Wednesday, 4 April 2012

"And god help you if you are an ugly girl/'course too pretty is also your doom/'cause everyone harbors a secret hatred for the prettiest girl in the room"

I can understand why any real discussion on the politics of beauty raised in Samantha Brick's Daily Mail article is being undermined under a tide of ridicule; women openly admitting confidence of this magnitude is considered an ugly thing, an exercise in vanity rather than an observation on women's internalized misogyny, and the Mail is renowned for baiting readers with terrible writers and right-wing rhetoric. But whether we like it or not, Brick is right: women can be the worst haterz.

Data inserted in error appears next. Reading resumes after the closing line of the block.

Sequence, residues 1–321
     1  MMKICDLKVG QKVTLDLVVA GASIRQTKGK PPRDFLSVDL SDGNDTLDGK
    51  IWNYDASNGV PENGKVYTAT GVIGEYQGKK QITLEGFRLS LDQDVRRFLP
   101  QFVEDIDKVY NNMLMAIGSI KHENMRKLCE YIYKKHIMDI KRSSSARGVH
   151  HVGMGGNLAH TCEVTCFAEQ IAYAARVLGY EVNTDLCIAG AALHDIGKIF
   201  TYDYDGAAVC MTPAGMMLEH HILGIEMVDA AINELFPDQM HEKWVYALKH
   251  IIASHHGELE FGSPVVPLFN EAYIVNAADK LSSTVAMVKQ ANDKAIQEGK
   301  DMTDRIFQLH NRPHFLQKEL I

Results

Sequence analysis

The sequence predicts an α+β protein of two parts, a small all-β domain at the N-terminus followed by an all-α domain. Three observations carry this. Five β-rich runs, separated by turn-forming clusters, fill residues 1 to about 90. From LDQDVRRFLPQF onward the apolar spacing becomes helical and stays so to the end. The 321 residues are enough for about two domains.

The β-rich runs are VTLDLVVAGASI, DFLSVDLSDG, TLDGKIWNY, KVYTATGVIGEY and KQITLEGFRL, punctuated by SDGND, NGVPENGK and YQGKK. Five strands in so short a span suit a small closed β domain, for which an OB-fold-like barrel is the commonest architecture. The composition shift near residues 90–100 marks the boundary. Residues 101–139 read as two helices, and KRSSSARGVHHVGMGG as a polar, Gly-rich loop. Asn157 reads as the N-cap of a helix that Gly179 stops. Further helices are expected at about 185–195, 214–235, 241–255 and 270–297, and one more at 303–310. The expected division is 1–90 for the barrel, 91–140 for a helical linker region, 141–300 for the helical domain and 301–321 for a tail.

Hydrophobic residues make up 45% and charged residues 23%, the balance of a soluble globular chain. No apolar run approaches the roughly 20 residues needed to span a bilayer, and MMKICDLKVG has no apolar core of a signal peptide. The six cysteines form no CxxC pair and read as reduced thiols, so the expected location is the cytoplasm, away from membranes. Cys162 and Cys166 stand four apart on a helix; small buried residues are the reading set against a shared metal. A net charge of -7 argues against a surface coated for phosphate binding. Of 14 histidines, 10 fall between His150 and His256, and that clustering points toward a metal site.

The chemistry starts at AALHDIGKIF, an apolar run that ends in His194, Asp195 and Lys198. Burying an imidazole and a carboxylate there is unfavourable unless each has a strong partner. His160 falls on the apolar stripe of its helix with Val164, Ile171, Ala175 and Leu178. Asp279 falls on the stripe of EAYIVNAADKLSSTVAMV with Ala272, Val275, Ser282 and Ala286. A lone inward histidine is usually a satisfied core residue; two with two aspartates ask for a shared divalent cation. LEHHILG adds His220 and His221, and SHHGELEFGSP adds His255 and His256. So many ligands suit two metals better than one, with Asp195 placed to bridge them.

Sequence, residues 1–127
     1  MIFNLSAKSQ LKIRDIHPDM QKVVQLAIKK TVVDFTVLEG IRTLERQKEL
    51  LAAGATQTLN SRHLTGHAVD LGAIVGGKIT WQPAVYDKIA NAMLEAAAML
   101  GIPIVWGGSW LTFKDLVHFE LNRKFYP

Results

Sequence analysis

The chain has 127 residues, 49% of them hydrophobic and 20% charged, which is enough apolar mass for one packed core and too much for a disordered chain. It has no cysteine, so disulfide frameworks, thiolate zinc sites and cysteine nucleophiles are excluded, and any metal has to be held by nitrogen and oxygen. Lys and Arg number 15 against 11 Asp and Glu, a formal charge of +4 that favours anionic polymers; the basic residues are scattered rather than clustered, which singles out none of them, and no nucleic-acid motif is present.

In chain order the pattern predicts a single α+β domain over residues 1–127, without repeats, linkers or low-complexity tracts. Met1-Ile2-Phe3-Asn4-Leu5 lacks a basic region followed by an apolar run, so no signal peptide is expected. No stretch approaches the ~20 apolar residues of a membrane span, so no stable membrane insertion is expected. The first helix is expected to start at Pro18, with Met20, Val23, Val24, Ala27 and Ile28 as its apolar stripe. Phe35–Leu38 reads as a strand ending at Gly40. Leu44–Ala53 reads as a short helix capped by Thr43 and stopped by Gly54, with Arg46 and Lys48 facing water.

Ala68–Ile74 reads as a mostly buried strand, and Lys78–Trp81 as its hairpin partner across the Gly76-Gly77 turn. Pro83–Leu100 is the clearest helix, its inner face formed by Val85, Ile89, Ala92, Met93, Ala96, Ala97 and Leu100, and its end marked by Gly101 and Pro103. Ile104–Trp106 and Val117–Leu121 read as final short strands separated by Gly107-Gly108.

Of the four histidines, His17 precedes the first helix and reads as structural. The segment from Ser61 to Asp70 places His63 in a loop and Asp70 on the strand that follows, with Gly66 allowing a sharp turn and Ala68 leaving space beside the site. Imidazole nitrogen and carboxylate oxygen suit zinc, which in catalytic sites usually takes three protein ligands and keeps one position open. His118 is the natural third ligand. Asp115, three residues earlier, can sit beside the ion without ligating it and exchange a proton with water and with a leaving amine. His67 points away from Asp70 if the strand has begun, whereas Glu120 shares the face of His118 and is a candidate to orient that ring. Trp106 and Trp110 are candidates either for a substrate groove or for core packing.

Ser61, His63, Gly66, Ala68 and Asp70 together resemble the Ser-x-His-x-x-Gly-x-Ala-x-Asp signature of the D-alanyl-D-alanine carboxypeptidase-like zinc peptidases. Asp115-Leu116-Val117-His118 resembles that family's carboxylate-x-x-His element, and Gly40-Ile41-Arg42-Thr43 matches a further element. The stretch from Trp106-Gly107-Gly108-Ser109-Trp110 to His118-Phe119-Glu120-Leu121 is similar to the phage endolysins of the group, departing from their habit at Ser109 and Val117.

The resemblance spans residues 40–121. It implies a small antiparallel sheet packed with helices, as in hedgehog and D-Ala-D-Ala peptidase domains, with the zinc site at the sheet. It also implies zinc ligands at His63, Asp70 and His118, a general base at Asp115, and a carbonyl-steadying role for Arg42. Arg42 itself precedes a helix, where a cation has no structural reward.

Girls are trained to be deeply judgmental, of themselves and each other. Society teaches us to internalize rules about body and beauty and behaviour, and to enforce these ideas in competitive, violent and self-destructive ways. Women are rarely encouraged to truly support each other, and being bold enough to claim yr a victim of prettiness is massively taboo because it destabilizes the idea that women are  rewarded (in any true, meaningful or lasting way) for being pretty. We are socialized to strive for beauty, to pluck, starve, bleach and surgically modify our way to beauty, but never own it. Confronting the ways women punish each other - for being too pretty or not pretty enough - is uncomfortable, because it means acknowledging our part in propping up patriarchy, but the issue of the Mean Girls/Dawn Wiener syndrome is a conversational we need to have, preferably in more radical and progressive spheres than the pages of the Daily Mail.

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